Addition of Sulfuric acid to Alkenes
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The carbon-carbon double bond in alkenes such as ethene react with concentrated sulfuric acid. It includes the conversion of the product into an alcohol.
The reaction with ethene
Alkenes react with concentrated sulfuric acid in the cold to produce alkyl hydrogensulfates. Ethene reacts to give ethyl hydrogensulfate.
The structure of the product molecule is sometimes written as CH3CH2HSO4, but the version in the equation is better because it shows how all the atoms are linked up. You may also find it written as CH3CH2OSO3H.
Confused by all this? Don't be! All you need to do is to learn the structure of sulfuric acid. A hydrogen from the sulfuric acid joins on to one of the carbon atoms, and the rest joins on to the other one. Make sure that you can see how the structure of the sulfuric acid relates to the various ways of writing the formula for the product.
The reaction with propene
This is typical of the reaction with unsymmetrical alkenes. An unsymmetrical alkene has different groups at either end of the carbon-carbon double bond. If sulfuric acid adds to an unsymmetrical alkene like propene, there are two possible ways it could add. You could end up with one of two products depending on which carbon atom the hydrogen attaches itself to.
However, in practice, there is only one major product.
This is in line with Markovnikov's Rule which says:
When a compound HX is added to an unsymmetrical alkene, the hydrogen becomes attached to the carbon with the most hydrogens attached to it already.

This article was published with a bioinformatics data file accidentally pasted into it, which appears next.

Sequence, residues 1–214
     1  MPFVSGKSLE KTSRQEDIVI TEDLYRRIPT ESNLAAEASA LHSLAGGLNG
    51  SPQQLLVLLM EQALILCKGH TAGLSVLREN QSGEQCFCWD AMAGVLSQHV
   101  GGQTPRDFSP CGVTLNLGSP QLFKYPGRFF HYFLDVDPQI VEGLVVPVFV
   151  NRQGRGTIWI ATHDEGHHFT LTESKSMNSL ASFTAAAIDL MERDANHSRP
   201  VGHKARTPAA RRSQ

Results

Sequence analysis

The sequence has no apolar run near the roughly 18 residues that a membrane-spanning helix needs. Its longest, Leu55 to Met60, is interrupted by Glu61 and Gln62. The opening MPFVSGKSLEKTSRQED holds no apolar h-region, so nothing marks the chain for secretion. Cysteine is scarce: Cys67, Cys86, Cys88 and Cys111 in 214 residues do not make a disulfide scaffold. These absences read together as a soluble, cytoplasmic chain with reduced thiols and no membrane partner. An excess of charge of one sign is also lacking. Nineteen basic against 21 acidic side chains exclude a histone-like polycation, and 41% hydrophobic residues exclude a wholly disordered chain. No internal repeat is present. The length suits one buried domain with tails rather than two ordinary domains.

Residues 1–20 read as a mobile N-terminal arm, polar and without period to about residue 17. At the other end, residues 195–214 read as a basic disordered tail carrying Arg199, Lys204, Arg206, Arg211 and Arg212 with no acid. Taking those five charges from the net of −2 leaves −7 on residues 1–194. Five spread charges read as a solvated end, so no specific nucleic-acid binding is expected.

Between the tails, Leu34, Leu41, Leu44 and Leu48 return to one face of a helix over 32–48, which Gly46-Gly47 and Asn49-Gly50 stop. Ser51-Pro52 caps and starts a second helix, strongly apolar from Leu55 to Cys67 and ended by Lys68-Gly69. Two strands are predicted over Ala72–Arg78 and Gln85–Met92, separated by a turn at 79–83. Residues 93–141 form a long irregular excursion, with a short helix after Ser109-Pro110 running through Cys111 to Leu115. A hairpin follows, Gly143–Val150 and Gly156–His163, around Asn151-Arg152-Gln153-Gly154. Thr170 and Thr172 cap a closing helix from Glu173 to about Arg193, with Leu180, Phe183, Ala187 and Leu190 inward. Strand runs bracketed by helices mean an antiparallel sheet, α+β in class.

In this case, the hydrogen becomes attached to the CH2 group, because the CH2 group has more hydrogens than the CH group.
Notice that only the hydrogens directly attached to the carbon atoms at either end of the double bond count. The ones in the CH3 group are totally irrelevant.
Using these Reactions to Make Alcohols
Ethene is passed into concentrated sulfuric acid to make ethyl hydrogensulphate (as above). The product is diluted with water and then distilled. The water reacts with the ethyl hydrogensulphate to produce ethanol which distils off.
More complicated alkyl hydrogensulphates react with water in exactly the same way. For example:
Notice that the position of the -OH group is determined by where the HSO4 group was attached. You get propan-2-ol rather than propan-1-ol because of the way the sulfuric acid originally added across the double bond in propene.
These reactions were originally used as a way of manufacturing alcohols from alkenes in the petrochemical industry. These days, alcohols like ethanol or propan-2-ol tend to be manufactured by direct hydration of the alkene because it is cheaper and easier.
Jim Clark (Chemguide.co.uk)